Ja Morant may have held what looked like a gun while recording an Instagram Live video at a strip club last weekend, but the Memphis Grizzlies star didn’t commit a crime.
On Wednesday, the Glendale Police Department in Colorado announced that “a prominent NBA player” will not be charged after “singing and holding what appeared to be a firearm by the butt end of a gun for several seconds.” Following a Grizzlies-Denver Nuggets game, Morant visited Shotgun Willie’s, which describes itself as “Denver Metro’s premiere and most legendary Gentleman’s club.” The police found no probable cause.
Although Colorado law permits adults to carry a licensed firearm, including in bars, that permission is forfeited when the gun holder is under the influence of alcohol or controlled substance. Such a gun holder can be charged with a class two misdemeanor and, if convicted, sentenced to up to 120 days in jail.
As Sportico explained Monday, police faced a challenge in obtaining proof that Morant was, in fact, under the influence. His blood alcohol content was presumably not measured and even if police obtained receipts or other evidence proving that Morant bought alcoholic drinks, buying drinks wouldn’t prove that he consumed drinks. It’s also unknown if Shotgun Willie’s security cameras captured any relevant video or if other patrons’ iPhones recorded Morant (or if they would want to share video with the police).
Noting that “under our justice system all persons are presumed innocent until proven otherwise,” the Glendale Police Department stressed that it “did not receive any calls for service at the nightclub regarding a weapon of any type” and that “no citizens or patrons of the club came forward to make a complaint.” The police also found relevant the absence of anyone being “threatened or menaced with the firearm” and that no firearm was actually found.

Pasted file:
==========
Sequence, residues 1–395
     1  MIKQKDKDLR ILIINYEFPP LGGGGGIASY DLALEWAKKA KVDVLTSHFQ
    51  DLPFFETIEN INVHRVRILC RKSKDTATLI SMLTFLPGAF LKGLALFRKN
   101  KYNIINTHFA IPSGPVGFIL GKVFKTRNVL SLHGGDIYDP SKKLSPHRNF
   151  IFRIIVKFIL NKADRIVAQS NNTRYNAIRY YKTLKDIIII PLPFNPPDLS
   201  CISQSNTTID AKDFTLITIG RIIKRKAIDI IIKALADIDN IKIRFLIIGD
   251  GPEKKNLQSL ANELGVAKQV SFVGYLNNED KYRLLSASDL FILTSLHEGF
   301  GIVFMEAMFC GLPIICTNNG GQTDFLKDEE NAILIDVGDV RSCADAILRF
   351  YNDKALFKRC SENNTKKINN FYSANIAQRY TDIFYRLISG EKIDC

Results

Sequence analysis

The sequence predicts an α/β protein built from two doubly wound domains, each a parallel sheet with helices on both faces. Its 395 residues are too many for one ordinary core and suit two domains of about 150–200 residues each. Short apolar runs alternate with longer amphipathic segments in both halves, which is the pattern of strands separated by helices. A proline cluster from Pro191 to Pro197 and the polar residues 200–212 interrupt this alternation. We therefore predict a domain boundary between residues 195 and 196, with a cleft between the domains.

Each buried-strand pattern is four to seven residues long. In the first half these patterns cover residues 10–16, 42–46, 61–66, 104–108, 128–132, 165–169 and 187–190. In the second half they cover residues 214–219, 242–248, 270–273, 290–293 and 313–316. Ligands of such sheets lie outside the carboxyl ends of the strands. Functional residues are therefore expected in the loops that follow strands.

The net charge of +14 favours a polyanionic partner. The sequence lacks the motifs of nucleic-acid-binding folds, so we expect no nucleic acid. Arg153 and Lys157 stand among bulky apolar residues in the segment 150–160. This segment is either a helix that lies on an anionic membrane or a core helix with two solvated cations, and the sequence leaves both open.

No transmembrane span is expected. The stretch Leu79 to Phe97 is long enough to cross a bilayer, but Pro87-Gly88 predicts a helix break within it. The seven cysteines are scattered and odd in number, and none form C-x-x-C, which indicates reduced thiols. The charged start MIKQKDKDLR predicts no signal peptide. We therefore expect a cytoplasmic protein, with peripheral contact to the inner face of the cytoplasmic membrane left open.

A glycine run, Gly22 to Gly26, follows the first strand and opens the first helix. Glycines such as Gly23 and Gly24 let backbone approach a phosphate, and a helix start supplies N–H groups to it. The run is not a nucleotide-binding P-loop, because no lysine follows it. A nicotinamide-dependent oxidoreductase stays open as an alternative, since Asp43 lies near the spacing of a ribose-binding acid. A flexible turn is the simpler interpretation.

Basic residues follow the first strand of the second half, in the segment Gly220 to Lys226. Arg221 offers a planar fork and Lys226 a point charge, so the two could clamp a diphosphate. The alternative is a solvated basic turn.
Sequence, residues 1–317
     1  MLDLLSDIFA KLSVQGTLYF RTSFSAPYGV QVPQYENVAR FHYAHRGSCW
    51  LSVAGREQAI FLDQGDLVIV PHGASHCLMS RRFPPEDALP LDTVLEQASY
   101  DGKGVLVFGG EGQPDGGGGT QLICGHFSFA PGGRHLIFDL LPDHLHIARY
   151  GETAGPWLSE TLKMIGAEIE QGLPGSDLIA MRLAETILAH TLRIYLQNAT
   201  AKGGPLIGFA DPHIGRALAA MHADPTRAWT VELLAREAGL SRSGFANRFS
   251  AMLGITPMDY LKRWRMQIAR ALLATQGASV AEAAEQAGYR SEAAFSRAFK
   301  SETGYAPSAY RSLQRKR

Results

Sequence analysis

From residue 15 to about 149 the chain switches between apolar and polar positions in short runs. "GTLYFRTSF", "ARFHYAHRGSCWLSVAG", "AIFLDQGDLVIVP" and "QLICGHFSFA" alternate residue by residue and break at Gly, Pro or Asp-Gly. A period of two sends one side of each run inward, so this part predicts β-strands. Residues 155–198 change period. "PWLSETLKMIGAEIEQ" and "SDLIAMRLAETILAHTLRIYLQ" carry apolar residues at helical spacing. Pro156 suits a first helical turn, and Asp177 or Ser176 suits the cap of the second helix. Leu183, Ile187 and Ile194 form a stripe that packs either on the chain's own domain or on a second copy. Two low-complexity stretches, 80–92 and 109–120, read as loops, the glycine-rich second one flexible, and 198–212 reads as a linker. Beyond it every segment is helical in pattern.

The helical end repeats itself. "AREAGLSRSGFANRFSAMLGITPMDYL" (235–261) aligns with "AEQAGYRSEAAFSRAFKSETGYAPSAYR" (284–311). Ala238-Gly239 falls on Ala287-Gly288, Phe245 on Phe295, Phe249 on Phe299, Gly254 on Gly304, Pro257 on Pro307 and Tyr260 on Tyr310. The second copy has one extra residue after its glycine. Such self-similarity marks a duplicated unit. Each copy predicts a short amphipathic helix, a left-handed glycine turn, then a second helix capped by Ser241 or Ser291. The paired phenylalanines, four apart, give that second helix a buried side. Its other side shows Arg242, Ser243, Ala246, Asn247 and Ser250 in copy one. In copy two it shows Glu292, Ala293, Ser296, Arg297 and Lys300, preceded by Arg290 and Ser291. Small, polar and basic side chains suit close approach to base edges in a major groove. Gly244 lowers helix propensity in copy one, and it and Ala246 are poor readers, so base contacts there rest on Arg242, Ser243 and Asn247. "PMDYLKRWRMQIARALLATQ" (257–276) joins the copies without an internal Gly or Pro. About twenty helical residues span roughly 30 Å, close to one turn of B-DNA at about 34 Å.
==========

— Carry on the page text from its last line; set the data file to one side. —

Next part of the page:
While Morant has avoided the “worst case” scenario—facing criminal prosecution—he could still face the NBA’s wrath.
In explicit and extensive language, Section 9, Article VI of the CBA prohibits players from possessing a firearm in work-related activities, including while on road trips. Players in possession of guns also have a contractual duty to share with their team proof of license and registration. Separately, NBA commissioner Adam Silver has the authority to punish a player for any “conduct prejudicial or detrimental to the Association” as interpreted by Silver.
Although Morant has apologized and stepped away from the Grizzlies, the league could still decide his behavior and judgment undermine NBA business interests, including relationships with fans, sponsors and broadcast partners. The fact Morant is an NBA star might count against him, too. He is more closely followed and arguably more symbolic of the league than if he were a benchwarmer.